What Did the Co-op Learn?

  • Facebook ads and radio ads on the local public radio channel were the most effective new advertising channels the co-op tested. Facebooks ads resulted in an astounding 10900% return on the dollars invested in the channel. Also, co-op members were surprised to learn that radio ads resulted in an 85% return on their investment.
  • Some new advertising channels took a lot of time and energy to learn. The co-op relies on volunteer labor and they took a team approach to implementing the new advertising methods. Even so, learning the ins-and-outs of utilizing certain channels took a significant time investment.
  • Word of mouth is still the most effective marketing strategy for the co-op. Sales from customers who reported learning about the cooperative by word of mouth dwarfed sales generated from customers who reported finding out about the co-op through one of the new advertising channels. This reinforces the idea that food entrepreneurs should ensure they are paying close attention to customer experiences and creating ways for their customers to share their excitement about their products.

About Buckeye Valley Beef Cooperative

Buckeye Valley Beef Cooperative was formed in 2016 by southwest Ohio farmers who wanted to expand their markets for locally raised beef and to increase their farmer incomes. The co-op markets beef to retailers and directly to consumers. You can learn more about the cooperative via the video, Buckeye Valley Beef Cooperative: Our Story  The co-op’s farmer members were supported by the CFAES Center for Cooperatives in their start-up and the development of their SARE proposal.

2nd Bi-Annual Cooperative Law Conference Will Offer Professionals Opportunity to Learn About the Co-op Economy

Conference registration table.

The 2nd Bi-Annual Cooperative Law Conference convened by Advocates for Basic Legal Equity and co-sponsored by the CFAES Center for Cooperatives will be held online on June 5, 2020.

The CFAES Center for Cooperatives is pleased to be co-sponsoring the 2nd Bi-Annual Cooperative Law Conference in our region on June 5, 2020. The virtual conference will be organized around the theme, “The Legal Life of a Cooperative,” and will feature attorneys and developers sharing their expertise on worker co-op start-ups and transitions, cooperative financing, and regional cooperative development strategies. Attorneys, aspiring-attorneys, and others who are interested in learning more about cooperatives and collaborative enterprises will surely find value in the conference’s eight sessions featuring twelve speakers.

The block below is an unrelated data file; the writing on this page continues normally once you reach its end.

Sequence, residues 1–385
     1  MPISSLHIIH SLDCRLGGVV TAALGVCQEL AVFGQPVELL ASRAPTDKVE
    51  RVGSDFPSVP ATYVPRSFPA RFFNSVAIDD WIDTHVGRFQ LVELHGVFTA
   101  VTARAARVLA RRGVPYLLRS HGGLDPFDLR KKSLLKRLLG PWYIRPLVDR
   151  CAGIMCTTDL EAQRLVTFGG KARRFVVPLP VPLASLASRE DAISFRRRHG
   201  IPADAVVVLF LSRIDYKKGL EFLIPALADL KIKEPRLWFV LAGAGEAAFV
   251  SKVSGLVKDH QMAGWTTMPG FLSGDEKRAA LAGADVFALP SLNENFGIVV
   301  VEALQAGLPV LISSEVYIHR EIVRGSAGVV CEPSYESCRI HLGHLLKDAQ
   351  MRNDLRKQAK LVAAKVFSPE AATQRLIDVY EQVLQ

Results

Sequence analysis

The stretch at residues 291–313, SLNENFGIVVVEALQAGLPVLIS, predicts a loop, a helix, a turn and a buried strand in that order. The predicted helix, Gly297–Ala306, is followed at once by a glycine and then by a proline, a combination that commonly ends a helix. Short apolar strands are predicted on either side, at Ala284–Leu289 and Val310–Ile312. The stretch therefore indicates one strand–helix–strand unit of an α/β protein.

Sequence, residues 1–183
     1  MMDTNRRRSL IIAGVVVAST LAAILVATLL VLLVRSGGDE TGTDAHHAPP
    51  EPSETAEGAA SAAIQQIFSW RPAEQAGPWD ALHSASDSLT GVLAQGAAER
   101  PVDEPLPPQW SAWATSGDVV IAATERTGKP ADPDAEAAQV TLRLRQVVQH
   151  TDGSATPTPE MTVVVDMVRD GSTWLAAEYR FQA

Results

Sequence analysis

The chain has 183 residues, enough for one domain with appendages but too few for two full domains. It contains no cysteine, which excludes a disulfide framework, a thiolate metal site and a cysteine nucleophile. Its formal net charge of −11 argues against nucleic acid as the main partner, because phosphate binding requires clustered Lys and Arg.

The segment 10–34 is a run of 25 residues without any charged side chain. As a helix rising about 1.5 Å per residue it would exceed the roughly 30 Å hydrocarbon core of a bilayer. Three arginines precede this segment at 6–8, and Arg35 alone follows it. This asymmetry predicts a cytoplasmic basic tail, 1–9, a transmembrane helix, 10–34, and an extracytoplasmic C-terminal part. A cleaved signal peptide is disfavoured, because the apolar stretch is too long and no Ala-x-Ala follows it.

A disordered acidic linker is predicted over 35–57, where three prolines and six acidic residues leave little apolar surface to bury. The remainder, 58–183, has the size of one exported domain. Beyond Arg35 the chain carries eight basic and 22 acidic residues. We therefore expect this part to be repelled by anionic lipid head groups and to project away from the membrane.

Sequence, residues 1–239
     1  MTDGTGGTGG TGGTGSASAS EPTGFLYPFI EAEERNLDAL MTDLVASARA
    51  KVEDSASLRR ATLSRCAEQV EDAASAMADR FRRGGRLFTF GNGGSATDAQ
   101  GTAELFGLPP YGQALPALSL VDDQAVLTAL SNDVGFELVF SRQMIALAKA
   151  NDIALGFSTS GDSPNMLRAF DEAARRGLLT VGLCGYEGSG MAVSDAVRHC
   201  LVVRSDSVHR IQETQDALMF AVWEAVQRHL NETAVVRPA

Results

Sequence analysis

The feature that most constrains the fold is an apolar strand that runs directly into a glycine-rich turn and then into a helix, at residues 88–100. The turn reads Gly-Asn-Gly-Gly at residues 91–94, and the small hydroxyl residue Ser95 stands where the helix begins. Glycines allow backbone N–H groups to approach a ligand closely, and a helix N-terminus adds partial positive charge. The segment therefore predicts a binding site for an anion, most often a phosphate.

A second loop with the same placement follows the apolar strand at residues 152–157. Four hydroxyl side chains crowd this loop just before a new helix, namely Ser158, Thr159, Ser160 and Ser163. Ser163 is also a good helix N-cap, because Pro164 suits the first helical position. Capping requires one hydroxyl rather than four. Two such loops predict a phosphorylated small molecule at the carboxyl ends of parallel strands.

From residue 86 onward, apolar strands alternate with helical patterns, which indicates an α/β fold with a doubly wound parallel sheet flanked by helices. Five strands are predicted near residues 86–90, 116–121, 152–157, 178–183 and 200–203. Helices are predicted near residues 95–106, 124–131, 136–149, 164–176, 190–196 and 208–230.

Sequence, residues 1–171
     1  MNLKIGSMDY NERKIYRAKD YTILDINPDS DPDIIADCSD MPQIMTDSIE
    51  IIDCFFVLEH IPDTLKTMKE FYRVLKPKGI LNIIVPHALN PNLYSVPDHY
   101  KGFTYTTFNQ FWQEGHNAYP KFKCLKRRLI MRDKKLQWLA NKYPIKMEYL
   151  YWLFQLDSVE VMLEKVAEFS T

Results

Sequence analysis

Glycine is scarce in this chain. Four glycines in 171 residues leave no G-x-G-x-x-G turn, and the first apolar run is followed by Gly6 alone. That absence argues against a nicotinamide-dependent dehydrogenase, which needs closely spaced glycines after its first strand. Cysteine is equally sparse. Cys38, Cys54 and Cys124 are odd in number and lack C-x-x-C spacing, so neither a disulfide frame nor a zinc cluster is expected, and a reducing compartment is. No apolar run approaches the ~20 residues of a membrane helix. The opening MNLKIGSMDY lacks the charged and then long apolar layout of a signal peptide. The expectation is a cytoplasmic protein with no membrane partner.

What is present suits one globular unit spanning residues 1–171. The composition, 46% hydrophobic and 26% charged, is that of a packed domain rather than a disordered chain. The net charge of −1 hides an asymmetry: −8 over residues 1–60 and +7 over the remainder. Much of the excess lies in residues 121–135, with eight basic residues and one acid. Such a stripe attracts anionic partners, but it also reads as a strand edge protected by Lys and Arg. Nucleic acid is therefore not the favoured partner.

The CFAES Center for Cooperatives, along with the Sustainable Economies Law Center, Alliance of Ohio Legal Aids, and Legal Aid of Western Ohio, are sponsoring the event, which will focus on regional efforts in southwest Ohio, but will be applicable across geographies. Attorneys in Ohio will be able to receive up to five hours of CLE credit for the conference (application pending). Registration for the event is $60.

Co-sponsoring the event is another way the Center is helping to build the community of professionals who support cooperatives in our region. In 2019, the Center surveyed attorneys, accountants, and tax professionals who work with cooperative and collaborative enterprises, building a directory to help the cooperative community locate such expertise. Visit the Center’s Cooperative and Collaborative Enterprises Legal and Accounting Directory.

Broad Thinking: Why the co-op model could be a key to closing the broadband gap

An individual working at a computer.

The current public health crisis has moved many of life’s daily tasks online. Without reliable internet, some rural communities are at risk of being left behind.

The impacts of the COVID-19 public health emergency are vast and varied. While we recognize and thank the many people who continue to do the essential jobs of feeding, moving, and caring for America in person, many Americans are now working, learning, and connecting online. Everyday tasks like work meetings, classes, grocery shopping, religious services, doctor’s appointments, hangouts with friends, and more, have moved online. But what happens when you don’t have reliable internet access at home? Millions of rural Americans faced this question long before the current public health crisis and in our current context, the broadband divide between urban and rural America has become more pronounced than ever.

Connected Nation Ohio, an organization that studies and provides resources for rural broadband connection, estimates that approximately 710,000 Ohioans do not have internet access at home. That doesn’t include people who have internet access that is unreliable or prohibitively slow. The Federal Communications Commission estimates that almost 30 million Americans are “unable to reap the benefits of the digital age.” In 2017, the Interagency Task Force on Agriculture and Rural Prosperity recognized the expansion of high-speed, high-capacity internet as a key infrastructure priority in rural America. Beth Ford, Chief Executive Officer of Land O’ Lakes, one of the nation’s largest farmer-owned cooperatives, has highlighted the far-reaching effects of the problem and called for significant infrastructure investments in broadband, reminding people that, “there is a shared destiny between urban and rural America.”